I am often asked, what is the minimum amount of capital you have to legally put in a company at the beginning. The simple answer is essentially zero, but the reality is that you need to consider several questions to determine how to sufficiently capitalize your business.
First, as always, you need to choose the appropriate business structure based on the nature of your business, tax considerations, and whether you have or intend to have additional partners.
Second, once you have chosen the appropriate entity, you actually need very little to form the entity:
1. Corporation: New York, for example, has the state filing fee to form the entity, plus a tax on the shares, but that share tax is only $10.00 if the shares are either "no par" and total shares don't exceed 200, or a low par entity, with a total capitalization not exceeding $20,000.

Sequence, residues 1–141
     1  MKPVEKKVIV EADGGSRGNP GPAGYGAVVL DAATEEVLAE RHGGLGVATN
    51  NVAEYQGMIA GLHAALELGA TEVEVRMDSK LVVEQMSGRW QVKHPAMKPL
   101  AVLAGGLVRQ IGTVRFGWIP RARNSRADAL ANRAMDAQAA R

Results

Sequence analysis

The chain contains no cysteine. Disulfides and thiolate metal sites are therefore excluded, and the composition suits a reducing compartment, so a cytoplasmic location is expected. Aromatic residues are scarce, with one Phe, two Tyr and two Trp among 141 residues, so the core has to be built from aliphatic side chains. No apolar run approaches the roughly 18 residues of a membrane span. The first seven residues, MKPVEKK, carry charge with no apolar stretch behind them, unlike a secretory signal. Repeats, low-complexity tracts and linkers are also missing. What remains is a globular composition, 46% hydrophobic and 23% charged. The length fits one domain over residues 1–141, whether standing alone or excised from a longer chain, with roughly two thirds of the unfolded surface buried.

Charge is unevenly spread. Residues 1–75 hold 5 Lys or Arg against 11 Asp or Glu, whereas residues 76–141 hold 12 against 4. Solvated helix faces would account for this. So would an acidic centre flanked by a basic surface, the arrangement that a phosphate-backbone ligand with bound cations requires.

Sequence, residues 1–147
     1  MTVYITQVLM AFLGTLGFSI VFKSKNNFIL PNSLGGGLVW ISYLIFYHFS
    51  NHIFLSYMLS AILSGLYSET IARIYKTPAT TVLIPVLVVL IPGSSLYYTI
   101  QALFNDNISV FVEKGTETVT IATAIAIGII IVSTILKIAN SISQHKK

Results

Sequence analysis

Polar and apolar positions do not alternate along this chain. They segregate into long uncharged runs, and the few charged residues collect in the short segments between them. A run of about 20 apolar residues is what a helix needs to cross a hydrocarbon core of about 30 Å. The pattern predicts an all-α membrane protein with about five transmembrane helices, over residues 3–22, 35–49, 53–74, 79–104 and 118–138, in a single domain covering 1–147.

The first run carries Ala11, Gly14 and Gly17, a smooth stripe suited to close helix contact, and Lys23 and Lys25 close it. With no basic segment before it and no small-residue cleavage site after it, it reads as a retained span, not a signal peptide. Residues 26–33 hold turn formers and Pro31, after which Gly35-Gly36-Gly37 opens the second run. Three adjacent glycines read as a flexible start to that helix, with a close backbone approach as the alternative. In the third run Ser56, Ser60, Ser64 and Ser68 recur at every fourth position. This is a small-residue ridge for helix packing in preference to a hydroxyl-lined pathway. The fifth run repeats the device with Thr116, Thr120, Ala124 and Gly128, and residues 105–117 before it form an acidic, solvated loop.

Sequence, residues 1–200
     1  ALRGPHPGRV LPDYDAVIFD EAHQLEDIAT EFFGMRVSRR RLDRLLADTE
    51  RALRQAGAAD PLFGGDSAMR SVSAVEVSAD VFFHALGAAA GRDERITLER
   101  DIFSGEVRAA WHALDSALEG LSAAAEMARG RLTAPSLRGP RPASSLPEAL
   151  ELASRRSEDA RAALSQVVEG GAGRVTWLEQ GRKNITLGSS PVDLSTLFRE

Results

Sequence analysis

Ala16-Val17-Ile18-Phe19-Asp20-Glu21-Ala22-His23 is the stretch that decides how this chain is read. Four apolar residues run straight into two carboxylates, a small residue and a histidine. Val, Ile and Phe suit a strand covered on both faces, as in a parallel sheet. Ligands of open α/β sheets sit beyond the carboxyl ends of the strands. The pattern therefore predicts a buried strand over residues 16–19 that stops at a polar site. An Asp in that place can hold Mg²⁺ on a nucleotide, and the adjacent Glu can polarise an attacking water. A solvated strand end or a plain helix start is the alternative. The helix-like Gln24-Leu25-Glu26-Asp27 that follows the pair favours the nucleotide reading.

2. Limited Liability Company: In New York, there is the filing fee, there is no fee on the any membership interests that may be issued, but there is a draconian publication cost, which varies depending on the county of formation.
Third, although there is no minimum capitalization requirement, the reality is you will need funds to (a) form the entity, and (b) a sufficient amount to start and operate the business.
Fourth, if you plan on issuing shares or membership interests to 3rd parties within a relatively short time after formation, you may need to consider whether the low-priced shares/interests issued to yourself will have a negative impact on the valuation of the company in the eyes of potential investors.
Therefore, it is necessary for you to review your business plans with both an experienced business lawyer and your accountant.